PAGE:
50 years and five generations later, Elgin-based Rosati’s’ Pizza is still piping hot
By Melanie Kalmar For Sun-Times Media December 25, 2013 8:12PM
Marla Topliff, president of Elgin-based Rosati’s Pizza. | Melanie Kalmar for Sun-Times Media
Updated: January 27, 2014 11:56AM
ELGIN — It’s a story that epitomizes the American Dream.
A young Ferdinand Rosati comes to Chicago from Naples, Italy, in the 1920s, and opens a restaurant in an old, Italian neighborhood on Taylor Street.
The original Rosati’s Restaurant served Italian dishes from Ferdinand’s homeland and desserts from Lezza’s Bakery, located upstairs.
“The crème of the crop in Chicago ate there,” said Marla Topliff, president of Elgin-based Rosati’s Pizza. “Al Capone could be seen eating dinner there and, across the room was Eliot Ness.
“Ferdinand put flatbreads on the table, with garlic and olive oil, and people loved it. From that, he got the idea to serve pizza.”
Ferdinand’s recipe for pizza would make a comeback in 1964, when his 11 children, led by son Dick, opened Rosati’s Pizza on Busse and Algonquin roads in Mount Prospect.
“Rosati’s was one of the first pizza places to deliver,” she said. “Pizza wasn’t popular yet. People would say, ‘Can I have an apple pizza or an orange pizza?’ They thought it was pie.”
When business started to take off, many of the siblings left to raise families or pursue other careers, Topliff said. The exception was brothers Al, Dick, Fred, and Ron. They stayed on, and passed the family tradition to future generations.
From that Mount Prospect location, which is still open, sprung more than 200 Rosati’s Pizza stores in 13 states.
Come 2014, Rosati’s celebrates 50 years in business.
“We’re still deciding what the promotions will be,” said Topliff, who has been busy seeking suggestions on how to celebrate from customers, staff and store owners.
“Just like you would when planning your child’s birthday party,” Topliff said, “You ask them what they would like to do.”
Rosati’s carry-out and delivery stores, catering services, and new concept pizza pubs aimed at families who want to eat a nice meal out at an affordable price, offer pasta dishes, pizza, salads, sandwiches, and desserts from old friend Lezza’s Bakery.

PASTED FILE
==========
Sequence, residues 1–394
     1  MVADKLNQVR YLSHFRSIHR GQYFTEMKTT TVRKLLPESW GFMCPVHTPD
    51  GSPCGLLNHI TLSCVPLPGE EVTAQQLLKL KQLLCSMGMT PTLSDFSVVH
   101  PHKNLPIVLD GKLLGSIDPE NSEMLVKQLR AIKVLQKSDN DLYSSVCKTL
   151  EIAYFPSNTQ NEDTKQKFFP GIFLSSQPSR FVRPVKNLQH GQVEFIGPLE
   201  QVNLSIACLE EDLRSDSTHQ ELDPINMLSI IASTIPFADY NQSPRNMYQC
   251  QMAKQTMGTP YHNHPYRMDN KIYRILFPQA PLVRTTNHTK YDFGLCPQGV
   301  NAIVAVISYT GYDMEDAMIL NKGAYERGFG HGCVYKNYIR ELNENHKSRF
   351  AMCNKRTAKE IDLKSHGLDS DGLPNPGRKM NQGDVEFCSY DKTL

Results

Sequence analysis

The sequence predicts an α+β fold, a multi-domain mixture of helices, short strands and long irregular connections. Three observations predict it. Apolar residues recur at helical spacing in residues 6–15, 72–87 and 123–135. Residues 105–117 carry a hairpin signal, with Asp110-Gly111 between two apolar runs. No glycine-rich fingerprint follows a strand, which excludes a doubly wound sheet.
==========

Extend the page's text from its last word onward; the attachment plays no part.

Rosati’s competes with Giordano’s, Lou Malnati’s and Nancy’s Pizza, Topliff said, but not Pizza Hut, Dominoes and Little Caesars. “Those are economy pizzas,” Topliff said. “Our pies are from a family recipe that is over 100 years old, made personally by hand with ingredients of the highest quality. We wouldn’t give our customers anything we wouldn’t give our own families.
“‘From our family to yours,’ it was our tagline,” she said. “We still use it every once in a while and it’s still true.”
Ninety-five percent of Rosati’s Pizza stores are franchisee-owned, Topliff said, noting that many franchisees have been at it for more than 20 years. Among them, a former deliveryman who owns two franchises and one new concept pizza pub.
“They come into it, love it, and grow with us,” she said.
A franchisee should have business skills, though not necessarily restaurant skills, Topliff said. If they already have an idea of how to run the restaurant and make the pizza, she explained, they are not going to run the business and make the pizza the way you want them to do it.
The Rosati family began franchising its stores in the 1990s and stopped for a while, because operations were not efficient enough, Topliff said. They resumed franchising in 2003, having established an operations manual to ensure all franchisees are consistent with the brand.
“You have to be willing to be a hands-on owner and put in the time every day, and know how to run every aspect of the business, from cleaning the bathroom to making pizza, customer service, making deliveries,” Topliff said. “If you are not willing to do everything, you are not good owners, and you cannot make a living.”
At Rosati’s corporate office, 2250 Point Blvd., in Elgin, on any given day, five generations of Rosati family members are at work. Even though it’s difficult for the company’s founders to get around now — they range in age from 85 to 99 years old — the brothers still make appearances at Rosati’s stores and franchisee conferences.
On a prominent wall in the office is a black and white mural of them, a reminder that what began a half century ago as a family-owned business remains that way today.